Loretta Sanchez

Rep. Loretta Sanchez, D-Santa Ana, hugs her half-brother, Stephen Sanchez, after announcing she will run for U.S. Sen. Barbara Boxer’s seat. She was surrounded by family and supporters at the Santa Ana train station on Thursday. | Christopher Cadelago The Sacramento Bee

By Christopher Cadelago
May 14, 2015

Rep. Loretta Sanchez, a Democrat from Orange County, rocked the political world nearly two decades ago when she narrowly ousted a sharp-tongued Republican congressman and then defended the seat in a rematch.

Harnessing the growing influence of fellow Latinos here, she was a fresh-faced businesswoman who still stitched her own dresses. Over the years in Washington, Sanchez climbed the ranks of the Homeland Security and the House Armed Services committees.

But she kept an eye on California, flirting with gubernatorial runs in the 2003 recall and then in 2010.

On Thursday, Sanchez took the plunge for statewide office, formally declaring her candidacy to replace U.S. Sen. Barbara Boxer and pledging to use her 10 terms of experience to fight for workers, families, women, minorities and young people. The announcement, which was still in doubt not 48 hours before the event, offers the prospect of a competitive election against Democratic Attorney General Kamala Harris.

In a brief speech at the Santa Ana train station, Sanchez said she would be the first Latina elected to the U.S. Senate and the first Hispanic American sent to the chamber from California. She answered some media questions in Spanish and then, hounded by a pair of Vietnamese journalists, said her elevation to the Senate would only magnify her advocacy on human rights issues.

“There are two kinds of candidates. Those who want to be something and those who want to do something. I am running for Senate because I am a doer,” Sanchez said, promising to be a “relentless force fighting for you.”

Sanchez described her family as the embodiment of the American dream. She and her sister, Rep. Linda Sánchez, D-Whittier, were two of seven children born to Mexican immigrants. Their father worked in a factory and her mother later went back to school to become a teacher.

Her years in office have given her a deep understanding of the issues people here face, she said, mentioning the drought, terrorist threats, budget deficits and an immigration system in disrepair. Though the government has done a good job of securing the borders, she said, it’s time to overhaul immigration laws to ensure people living and working here can obtain legal status.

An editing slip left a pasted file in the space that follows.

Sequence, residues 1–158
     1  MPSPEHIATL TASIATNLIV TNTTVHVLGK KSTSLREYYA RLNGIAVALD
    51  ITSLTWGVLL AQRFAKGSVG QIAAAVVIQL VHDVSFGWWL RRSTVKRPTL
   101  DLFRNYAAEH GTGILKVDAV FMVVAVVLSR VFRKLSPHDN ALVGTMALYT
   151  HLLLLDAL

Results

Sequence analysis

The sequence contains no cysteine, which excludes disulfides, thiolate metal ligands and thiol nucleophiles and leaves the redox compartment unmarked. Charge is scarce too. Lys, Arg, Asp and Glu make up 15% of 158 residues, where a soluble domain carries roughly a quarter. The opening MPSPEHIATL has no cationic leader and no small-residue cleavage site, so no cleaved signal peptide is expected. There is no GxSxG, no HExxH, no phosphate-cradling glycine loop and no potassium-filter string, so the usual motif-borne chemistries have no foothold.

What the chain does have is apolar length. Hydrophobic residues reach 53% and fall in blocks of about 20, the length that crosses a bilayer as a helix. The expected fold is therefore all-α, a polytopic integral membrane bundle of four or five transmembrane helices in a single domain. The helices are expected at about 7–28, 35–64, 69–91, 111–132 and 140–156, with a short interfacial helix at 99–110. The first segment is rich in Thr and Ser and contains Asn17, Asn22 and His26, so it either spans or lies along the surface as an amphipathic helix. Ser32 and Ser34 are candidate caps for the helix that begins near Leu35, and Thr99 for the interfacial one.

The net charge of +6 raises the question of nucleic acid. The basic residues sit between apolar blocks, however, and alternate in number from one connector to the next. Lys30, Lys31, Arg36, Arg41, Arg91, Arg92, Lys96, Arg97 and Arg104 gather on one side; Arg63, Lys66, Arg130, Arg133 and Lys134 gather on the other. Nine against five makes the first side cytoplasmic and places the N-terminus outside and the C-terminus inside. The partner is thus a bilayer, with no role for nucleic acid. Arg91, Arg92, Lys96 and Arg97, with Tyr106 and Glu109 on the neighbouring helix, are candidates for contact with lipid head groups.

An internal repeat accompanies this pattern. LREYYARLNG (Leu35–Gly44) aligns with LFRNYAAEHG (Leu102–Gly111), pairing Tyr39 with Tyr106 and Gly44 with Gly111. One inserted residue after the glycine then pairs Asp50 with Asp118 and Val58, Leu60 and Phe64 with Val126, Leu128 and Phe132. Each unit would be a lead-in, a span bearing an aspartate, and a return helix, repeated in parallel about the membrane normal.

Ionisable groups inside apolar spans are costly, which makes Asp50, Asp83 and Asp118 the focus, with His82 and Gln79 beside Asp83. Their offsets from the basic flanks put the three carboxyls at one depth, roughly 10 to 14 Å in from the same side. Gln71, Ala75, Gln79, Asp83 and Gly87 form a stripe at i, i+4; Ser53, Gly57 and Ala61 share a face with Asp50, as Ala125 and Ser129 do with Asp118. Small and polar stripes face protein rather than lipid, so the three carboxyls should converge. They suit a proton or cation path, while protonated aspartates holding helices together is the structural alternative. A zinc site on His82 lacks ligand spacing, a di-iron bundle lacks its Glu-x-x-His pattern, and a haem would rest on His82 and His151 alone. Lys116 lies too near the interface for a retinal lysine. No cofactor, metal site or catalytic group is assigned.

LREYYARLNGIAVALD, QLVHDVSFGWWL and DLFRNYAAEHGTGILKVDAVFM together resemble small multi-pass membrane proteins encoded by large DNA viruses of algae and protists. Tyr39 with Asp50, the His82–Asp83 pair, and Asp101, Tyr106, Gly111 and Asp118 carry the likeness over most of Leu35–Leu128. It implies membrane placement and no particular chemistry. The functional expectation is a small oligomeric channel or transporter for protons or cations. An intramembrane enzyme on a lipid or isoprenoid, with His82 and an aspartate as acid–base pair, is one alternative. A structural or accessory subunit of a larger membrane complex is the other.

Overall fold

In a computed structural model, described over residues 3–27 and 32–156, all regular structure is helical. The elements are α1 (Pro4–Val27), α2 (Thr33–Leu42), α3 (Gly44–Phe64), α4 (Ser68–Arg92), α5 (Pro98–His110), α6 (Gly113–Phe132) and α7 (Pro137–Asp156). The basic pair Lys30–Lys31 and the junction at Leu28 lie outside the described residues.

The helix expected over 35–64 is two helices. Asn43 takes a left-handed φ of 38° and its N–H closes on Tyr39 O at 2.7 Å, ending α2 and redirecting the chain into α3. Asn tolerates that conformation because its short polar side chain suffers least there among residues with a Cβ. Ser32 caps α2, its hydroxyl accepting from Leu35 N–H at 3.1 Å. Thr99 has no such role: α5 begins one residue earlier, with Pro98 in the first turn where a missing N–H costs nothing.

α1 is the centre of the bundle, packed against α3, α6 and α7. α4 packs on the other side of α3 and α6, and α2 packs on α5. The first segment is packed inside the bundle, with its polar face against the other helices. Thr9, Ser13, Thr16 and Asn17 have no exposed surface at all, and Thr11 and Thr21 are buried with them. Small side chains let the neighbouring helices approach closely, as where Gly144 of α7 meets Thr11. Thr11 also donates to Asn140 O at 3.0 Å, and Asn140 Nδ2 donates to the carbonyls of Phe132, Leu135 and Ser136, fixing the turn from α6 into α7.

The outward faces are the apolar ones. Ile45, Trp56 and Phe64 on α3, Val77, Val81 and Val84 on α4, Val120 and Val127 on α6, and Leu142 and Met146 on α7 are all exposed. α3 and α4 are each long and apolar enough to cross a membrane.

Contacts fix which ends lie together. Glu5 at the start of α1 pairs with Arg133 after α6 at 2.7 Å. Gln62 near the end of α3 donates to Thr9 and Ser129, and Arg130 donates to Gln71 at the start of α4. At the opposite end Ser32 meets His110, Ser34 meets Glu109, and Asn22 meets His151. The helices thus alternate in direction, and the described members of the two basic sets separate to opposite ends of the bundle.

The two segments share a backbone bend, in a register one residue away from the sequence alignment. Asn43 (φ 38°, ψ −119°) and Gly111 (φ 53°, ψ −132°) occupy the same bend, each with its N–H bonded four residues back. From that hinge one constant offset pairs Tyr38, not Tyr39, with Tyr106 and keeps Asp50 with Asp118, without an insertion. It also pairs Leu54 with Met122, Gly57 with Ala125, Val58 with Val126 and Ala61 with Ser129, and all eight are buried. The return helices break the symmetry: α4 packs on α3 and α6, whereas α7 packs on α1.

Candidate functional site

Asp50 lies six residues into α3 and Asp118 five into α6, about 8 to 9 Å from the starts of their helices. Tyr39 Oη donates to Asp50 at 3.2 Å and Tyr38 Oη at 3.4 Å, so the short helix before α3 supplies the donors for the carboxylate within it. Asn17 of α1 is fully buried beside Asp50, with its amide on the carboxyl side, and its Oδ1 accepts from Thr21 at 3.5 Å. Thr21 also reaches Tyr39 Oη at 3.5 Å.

Democratic Assemblyman Luis Alejo, chairman of the California Latino Legislative Caucus, which unsuccessfully tried to encourage former Los Angeles Mayor Antonio Villaraigosa to run, said that the excitement generated by a Latina candidate could translate into increased voter turnout in 2016, especially among Latinos. “And that’s good for all California Democrats,” Alejo said.

After previously criticizing Harris’ federal inexperience, Sanchez threw only glancing blows at her kickoff event, asserting that she was working on the housing crisis long before Harris secured large financial settlements with lenders. Without uttering her name, Sanchez suggested Harris was the hand-picked favorite of the party establishment, and that she has been unwilling to answer questions and too cautious in sharing her positions.

“In California, I believe that insiders don’t pick our leaders,” Sanchez said. “The voters elect our leaders.”

Sanchez touted her experience, but she declined to go into the policy differences between her and Harris. Still, when she opened the floor to questions, she added the quip – “unlike others.”

Nathan Click, Harris’ campaign spokesman, said the state attorney general looks forward to a “lively discussion about who is best equipped to help change the culture of dysfunction in Washington, D.C., and make a difference in the lives of Californians.”

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